5 Ways To Backup Your Google Drive

There’s a saying in the IT world – there’s those who backup their data and those who haven’t lost it yet. If you rely heavily on Google’s G-Suite apps including Google Docs, Google Sheets and Google Slides, then it’s a good idea to store copies of those documents, as Google Drive is not invulnerable and has had outages in the past (as recently as Jan 28, 2020!).

Here, we show you five different ways you can backup your Google Drive data and the pros and cons of each method. If you’re an SME, we recommend skipping ahead to options four and five as the best methods. 

  1. Manually Download Your Google Docs In Native Format

Probably the simplest method of backing up Google Doc files, it’s also the least efficient. If you do choose this method, we recommend backing data up monthly, however, most businesses will need automated backup to account for data security. 

Pros: It’s a free and simple process.

Cons: The process is manual and time consuming. Lost data can easily occur between backups. 

Resources: ‘5 Ways To Backup Your Google Docs Documents’ by Lynette Chandler thoroughly details the steps needed to manually back up your Google Drive.

  1. Manually Download with Google Takeout

Image: Google

Google Takeout is another way to manually download your data using Google’s data tools. We recommend it for those looking to clear space on their Google Drive by archiving and storing files on another storage service.

Pros: Allows you to make one-time copies of all Google services including Google Drive, Gmail, Photos etc. From there, you can send your data to another storage device e.g. another cloud service or download it to your computer.

Cons: Similar to option one, this is a manual, one-off save of data with no automatic backup options. 

Resources: Spinbackup.com has a useful and current step-by-step guide on ‘How to Backup Google Drive: A Step by Step Guide’.

  1.  Use the Backup and Sync App by Google

Backup and Sync is an app from Google that allows you to sync files between Google Drive and your computer. Using Backup and Sync, you automatically save new Google Drive files onto your hard drive. 

Pros: Full automation. Files and edits will be backed up to your computer as they are created in Google Drive and visa-versa.

Backup and Sync is fairly cheap with free storage until you reach 15GB of storage space. 

Cons:

Backup and Sync eats up hard drive space and requires internet access to download and edit your files. Any deletions made on the cloud will also occur on the app, meaning the recovery process can be cumbersome at best. Also, the app is limited in its capacity to recover large volumes of data, with files being restored one-at-a-time. This means you’ll want to resave important files elsewhere.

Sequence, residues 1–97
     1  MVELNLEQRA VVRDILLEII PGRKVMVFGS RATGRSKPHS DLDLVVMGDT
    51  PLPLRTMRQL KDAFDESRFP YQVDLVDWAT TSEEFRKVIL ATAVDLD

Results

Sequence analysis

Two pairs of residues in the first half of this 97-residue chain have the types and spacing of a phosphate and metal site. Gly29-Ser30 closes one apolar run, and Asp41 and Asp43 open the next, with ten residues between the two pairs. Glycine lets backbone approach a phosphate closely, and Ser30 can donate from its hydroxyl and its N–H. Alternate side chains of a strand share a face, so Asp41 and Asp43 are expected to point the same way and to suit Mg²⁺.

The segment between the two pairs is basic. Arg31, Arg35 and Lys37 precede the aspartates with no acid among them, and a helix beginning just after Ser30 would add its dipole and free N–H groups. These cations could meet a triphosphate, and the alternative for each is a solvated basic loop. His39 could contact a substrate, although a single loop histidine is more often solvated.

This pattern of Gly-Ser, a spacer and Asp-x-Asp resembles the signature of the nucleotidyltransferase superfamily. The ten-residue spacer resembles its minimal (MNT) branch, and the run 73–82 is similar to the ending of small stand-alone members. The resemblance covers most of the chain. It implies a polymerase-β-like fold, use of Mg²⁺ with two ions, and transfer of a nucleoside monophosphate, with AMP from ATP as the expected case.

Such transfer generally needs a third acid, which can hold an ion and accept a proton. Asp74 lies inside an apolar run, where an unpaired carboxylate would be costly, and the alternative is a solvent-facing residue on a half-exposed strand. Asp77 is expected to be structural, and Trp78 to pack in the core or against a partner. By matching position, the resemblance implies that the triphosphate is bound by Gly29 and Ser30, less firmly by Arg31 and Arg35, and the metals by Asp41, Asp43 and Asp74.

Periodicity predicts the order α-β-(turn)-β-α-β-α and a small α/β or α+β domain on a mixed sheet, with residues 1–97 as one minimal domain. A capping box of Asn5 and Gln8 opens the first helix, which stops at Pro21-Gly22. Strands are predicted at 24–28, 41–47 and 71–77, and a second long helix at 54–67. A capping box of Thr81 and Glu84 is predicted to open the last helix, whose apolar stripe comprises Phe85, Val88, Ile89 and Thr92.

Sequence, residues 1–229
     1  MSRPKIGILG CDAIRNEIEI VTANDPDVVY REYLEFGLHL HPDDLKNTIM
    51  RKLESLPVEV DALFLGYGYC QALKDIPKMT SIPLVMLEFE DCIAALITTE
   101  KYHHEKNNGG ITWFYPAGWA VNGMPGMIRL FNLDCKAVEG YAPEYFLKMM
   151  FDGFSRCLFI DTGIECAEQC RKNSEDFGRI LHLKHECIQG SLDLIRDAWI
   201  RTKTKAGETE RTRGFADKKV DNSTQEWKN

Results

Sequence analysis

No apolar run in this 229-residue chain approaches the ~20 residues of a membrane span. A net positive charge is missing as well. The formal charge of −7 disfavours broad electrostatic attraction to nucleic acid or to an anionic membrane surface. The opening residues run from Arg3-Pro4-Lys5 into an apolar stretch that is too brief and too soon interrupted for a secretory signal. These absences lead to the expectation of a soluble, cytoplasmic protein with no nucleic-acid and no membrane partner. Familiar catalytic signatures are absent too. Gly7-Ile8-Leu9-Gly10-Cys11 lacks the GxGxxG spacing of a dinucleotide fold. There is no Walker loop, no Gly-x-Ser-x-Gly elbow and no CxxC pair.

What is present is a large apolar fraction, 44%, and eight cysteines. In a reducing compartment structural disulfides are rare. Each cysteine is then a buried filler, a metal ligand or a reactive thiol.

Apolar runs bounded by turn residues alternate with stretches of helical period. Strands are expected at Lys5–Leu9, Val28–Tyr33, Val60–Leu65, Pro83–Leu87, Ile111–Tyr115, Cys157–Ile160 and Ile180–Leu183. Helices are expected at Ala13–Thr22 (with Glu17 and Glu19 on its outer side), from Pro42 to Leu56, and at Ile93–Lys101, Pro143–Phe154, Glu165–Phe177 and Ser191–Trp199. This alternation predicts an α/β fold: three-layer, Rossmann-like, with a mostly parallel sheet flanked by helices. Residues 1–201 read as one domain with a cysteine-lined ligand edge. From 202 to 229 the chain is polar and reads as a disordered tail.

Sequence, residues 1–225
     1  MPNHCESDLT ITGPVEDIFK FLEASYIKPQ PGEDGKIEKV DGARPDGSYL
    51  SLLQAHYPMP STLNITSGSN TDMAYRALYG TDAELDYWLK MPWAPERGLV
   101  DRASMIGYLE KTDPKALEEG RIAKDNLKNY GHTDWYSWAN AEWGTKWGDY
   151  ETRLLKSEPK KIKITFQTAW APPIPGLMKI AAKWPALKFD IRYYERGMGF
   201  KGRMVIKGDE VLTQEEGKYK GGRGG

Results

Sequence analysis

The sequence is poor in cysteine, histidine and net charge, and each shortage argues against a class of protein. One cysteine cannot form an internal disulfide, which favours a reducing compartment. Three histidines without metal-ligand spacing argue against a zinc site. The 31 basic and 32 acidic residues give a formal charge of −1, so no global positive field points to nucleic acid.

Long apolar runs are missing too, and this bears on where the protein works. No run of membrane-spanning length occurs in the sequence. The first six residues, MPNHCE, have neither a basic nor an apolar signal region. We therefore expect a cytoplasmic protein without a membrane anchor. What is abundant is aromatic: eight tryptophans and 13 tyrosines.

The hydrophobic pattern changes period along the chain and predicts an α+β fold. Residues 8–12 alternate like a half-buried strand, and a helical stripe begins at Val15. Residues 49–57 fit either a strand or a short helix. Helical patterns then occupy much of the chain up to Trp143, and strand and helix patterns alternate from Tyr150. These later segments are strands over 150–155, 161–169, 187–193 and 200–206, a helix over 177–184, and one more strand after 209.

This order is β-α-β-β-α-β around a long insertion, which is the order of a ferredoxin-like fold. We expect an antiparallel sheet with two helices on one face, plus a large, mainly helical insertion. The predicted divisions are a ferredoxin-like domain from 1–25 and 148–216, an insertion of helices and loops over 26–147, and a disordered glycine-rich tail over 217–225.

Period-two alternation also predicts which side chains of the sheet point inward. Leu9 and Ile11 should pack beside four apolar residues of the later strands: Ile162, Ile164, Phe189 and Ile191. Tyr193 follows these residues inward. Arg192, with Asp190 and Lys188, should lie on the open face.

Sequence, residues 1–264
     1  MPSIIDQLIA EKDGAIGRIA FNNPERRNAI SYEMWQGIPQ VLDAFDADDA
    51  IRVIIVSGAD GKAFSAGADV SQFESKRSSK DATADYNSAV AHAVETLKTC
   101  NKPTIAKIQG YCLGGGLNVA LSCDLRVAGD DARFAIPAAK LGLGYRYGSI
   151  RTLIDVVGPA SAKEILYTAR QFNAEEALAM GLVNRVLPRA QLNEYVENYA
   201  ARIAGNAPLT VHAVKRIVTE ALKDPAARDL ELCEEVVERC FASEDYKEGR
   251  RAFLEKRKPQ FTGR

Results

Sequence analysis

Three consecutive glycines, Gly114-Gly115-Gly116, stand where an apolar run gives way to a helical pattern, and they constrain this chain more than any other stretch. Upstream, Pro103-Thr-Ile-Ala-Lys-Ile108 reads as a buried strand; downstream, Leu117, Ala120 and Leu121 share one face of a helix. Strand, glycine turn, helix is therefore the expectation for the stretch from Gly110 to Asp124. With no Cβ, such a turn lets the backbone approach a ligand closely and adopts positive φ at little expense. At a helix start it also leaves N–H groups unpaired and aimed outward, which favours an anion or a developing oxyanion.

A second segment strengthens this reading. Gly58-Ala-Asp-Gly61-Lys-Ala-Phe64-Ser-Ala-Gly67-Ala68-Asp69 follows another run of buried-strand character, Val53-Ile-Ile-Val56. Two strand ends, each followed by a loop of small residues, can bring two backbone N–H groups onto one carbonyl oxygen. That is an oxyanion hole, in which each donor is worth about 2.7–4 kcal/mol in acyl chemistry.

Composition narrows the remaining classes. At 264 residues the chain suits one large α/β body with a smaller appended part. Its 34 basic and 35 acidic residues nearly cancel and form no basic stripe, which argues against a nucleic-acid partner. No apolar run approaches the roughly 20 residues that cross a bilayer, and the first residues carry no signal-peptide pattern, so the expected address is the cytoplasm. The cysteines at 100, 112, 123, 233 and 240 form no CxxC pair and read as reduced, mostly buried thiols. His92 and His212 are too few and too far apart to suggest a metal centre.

Resources: Google Support provides a comprehensive guide on how to install Backup and Sync and connect it with your personal Google Account. 

  1. Use A Third-Party Backup Provider

Using a third party backup provider is ideal for any company that wants to protect itself against data loss. Research which third party provider best suits your needs and budget, there are many to choose from including Spanning, Syscloud, or Backupify.

Pros: Fast and comprehensive data recovery with high-reliability and easy recovery. Cloud backup technologies also allow for scalability with capital savings. 

Cons: Some cloud providers lack efficient monitoring and data management tools for staff to reliability use onsite. If you have many staffers you need to account for, you may need to rely on a Managed Service Provider and Backup-As-A-Service (see the option number below). 

Resources: ‘The Best Cloud Backup Services for Business’ by PC Mag.

  1. ‘Backup-As-A-Service’ from a Managed Service Provider (MSP) 

Ideal for SME’s to large corporations, Backup-As-A-Service from a Managed Service Provider usually involves an MSP (such as the Dark Horse team) installing and integrating an enterprise-level backup software and then managing the application closely to help staff with backup and data retrieval. 

Pros: hands-free installation, migration, backup and recovery by an MSP provider – staff can also reply upon 24/7 support for emergency data retrieval. Additionally, service providers, such as Dark Horse Systems, develop a set of cloud-data best practices to be implemented across an organisation. 

Cons: Data recovery might not be cost-effective for companies not as dependent on uptime and instant recovery. 

Resources: Call our Dark Horse technical experts to help recover a deleted file or initiate an enterprise-grade Google business continuity plan. 

Remember, business continuity depends on disaster recovery! If you’re interested in installation of a third-party backup provider or backup-as-a-service for your business, please don’t hesitate to contact Dark Horse Systems for Backup and Disaster Recovery Service needs.